To determine the eligible amount for receipting purposes, the value of the advantage must be subtracted from the value of the gift.
Criteria for split receipting:
- Where a donor receives an advantage in exchange for a gift, the registered charity must be able to accurately determine the fair market value of that advantage.
- The gift, minus the advantage, must still constitute a voluntary transfer of property and meet the intention to make a gift threshold.
What is the intention to make a gift threshold?
In cases where the value of an advantage received for a gift is more than 80% of the value of the gift itself, it is generally considered that there is no true intention to make a gift. Therefore, registered charities cannot issue a receipt where the value of the advantage returned to the donor is more than 80% of the fair market value of the gift.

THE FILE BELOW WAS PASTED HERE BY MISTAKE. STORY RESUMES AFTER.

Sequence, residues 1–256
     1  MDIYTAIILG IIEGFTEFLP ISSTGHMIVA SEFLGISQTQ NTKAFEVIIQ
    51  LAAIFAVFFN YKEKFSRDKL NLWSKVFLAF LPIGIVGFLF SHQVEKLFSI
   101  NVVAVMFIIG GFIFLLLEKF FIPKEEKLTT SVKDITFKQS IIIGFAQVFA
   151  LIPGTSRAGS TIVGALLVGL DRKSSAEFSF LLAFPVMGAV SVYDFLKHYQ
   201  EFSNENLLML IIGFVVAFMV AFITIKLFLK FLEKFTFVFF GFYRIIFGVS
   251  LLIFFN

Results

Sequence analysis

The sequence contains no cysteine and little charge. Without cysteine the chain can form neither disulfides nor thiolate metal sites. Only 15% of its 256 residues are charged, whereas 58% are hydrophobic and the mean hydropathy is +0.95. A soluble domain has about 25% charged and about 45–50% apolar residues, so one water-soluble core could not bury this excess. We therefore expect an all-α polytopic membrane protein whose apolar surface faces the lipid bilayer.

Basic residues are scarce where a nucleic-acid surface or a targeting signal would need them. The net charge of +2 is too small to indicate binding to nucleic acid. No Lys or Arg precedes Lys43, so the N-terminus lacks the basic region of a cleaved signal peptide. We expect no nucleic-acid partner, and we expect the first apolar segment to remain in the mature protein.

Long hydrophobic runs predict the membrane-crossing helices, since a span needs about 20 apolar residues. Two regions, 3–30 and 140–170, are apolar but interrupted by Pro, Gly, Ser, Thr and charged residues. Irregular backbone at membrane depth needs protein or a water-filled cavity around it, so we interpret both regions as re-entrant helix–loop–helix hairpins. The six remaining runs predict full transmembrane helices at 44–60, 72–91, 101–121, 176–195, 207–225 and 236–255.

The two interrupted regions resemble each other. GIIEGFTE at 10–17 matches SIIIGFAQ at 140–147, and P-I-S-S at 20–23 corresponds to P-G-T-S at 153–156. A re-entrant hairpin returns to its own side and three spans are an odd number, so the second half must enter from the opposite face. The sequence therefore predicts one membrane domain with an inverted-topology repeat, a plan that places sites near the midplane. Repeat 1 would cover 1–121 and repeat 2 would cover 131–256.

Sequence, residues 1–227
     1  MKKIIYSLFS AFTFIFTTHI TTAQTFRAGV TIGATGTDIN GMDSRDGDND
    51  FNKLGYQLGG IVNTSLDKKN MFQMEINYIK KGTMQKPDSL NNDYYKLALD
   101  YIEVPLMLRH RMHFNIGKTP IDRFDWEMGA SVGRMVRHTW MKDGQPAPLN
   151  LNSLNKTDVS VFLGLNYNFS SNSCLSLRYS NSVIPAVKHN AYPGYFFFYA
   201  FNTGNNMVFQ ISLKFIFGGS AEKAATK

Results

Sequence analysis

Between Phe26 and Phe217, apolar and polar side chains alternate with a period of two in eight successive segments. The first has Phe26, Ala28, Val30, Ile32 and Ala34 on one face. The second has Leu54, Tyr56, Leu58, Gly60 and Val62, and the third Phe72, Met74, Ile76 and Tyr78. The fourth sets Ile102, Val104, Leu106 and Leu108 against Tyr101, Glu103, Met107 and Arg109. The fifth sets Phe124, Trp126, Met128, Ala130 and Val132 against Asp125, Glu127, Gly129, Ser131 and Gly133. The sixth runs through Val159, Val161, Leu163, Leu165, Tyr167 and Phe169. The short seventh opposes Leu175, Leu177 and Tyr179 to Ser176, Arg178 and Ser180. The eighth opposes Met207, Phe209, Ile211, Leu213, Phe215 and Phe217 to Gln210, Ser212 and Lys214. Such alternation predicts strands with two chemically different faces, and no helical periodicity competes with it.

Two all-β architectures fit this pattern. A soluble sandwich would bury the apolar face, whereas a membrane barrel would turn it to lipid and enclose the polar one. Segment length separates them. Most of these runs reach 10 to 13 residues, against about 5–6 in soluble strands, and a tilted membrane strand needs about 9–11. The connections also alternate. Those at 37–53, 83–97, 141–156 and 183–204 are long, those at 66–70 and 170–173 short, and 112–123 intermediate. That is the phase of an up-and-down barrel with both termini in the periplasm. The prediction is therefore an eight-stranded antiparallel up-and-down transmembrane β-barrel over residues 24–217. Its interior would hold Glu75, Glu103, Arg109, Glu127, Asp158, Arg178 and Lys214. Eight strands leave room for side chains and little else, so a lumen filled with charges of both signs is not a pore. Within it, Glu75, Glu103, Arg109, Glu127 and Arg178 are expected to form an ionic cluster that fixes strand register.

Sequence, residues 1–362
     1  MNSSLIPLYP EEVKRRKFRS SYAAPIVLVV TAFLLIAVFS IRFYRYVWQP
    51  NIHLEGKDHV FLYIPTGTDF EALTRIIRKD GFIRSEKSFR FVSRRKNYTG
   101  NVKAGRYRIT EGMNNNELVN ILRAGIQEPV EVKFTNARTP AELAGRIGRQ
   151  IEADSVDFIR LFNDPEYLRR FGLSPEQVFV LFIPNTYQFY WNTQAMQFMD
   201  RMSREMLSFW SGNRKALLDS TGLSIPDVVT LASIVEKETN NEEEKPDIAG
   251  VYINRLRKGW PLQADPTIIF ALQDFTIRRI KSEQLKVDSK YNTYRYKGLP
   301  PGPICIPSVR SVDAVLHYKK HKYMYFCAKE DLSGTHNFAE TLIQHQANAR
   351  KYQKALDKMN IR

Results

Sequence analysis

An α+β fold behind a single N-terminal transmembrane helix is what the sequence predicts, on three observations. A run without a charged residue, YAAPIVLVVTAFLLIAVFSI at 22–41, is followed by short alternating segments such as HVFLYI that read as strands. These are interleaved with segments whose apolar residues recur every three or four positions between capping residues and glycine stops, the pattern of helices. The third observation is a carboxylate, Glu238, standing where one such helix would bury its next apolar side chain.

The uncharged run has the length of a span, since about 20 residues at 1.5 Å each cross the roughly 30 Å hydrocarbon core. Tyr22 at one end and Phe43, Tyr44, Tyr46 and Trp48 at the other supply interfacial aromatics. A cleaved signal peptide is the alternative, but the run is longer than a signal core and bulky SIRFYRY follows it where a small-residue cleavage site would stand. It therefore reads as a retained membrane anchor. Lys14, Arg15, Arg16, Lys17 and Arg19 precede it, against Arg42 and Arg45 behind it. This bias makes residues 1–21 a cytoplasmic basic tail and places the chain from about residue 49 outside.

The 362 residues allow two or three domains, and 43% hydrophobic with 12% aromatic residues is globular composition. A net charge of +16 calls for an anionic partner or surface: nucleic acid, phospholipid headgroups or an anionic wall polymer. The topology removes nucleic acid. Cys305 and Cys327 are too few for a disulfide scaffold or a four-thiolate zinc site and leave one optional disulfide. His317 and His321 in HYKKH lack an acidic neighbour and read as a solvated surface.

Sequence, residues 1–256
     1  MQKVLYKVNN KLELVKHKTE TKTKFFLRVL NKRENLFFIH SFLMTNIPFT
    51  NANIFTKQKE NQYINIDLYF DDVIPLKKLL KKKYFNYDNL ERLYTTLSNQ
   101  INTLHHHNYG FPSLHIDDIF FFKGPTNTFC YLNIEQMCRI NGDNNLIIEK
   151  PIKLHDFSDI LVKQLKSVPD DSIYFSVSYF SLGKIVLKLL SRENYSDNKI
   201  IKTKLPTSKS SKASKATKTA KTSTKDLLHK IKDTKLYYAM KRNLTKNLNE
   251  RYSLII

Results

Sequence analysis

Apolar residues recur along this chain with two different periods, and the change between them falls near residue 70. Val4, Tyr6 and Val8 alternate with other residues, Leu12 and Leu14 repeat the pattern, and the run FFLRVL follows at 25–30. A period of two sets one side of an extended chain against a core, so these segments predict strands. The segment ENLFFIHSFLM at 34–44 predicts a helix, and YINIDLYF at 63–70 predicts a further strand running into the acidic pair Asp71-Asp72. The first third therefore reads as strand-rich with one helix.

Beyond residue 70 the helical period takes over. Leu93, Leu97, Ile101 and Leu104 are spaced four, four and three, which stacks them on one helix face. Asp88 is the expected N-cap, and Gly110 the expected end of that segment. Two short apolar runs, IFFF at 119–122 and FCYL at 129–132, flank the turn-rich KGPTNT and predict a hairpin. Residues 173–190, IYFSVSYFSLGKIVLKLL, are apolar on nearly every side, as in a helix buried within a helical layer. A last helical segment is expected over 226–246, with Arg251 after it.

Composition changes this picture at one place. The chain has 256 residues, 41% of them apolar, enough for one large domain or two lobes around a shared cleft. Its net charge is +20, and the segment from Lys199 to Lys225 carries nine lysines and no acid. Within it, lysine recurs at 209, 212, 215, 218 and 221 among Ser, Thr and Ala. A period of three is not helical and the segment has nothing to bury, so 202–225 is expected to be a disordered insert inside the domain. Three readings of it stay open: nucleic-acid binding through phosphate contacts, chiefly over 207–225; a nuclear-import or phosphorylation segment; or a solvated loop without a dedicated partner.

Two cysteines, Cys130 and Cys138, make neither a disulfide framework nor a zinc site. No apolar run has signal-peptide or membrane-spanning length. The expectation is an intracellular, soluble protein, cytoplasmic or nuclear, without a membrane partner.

In rare circumstances, when the intention to make a gift threshold has not been met, there may still have been a clear intention to make a gift. In these cases, the donor must establish to the satisfaction of the CRA that there was an intention to make a gift.
Certain advantages are of nominal value, and are considered too minimal to affect the value of a gift.
In applying the de minimis rule, advantages that have a combined value that does not exceed the lesser of $75 or 10% of the value of the gift are considered too minimal to affect the amount of the gift.
These advantages do not need to be deducted from the value of gifts when issuing receipts.
The de minimis rule does not apply to cash or near cash equivalents (for example, redeemable gift certificates, vouchers, coupons).
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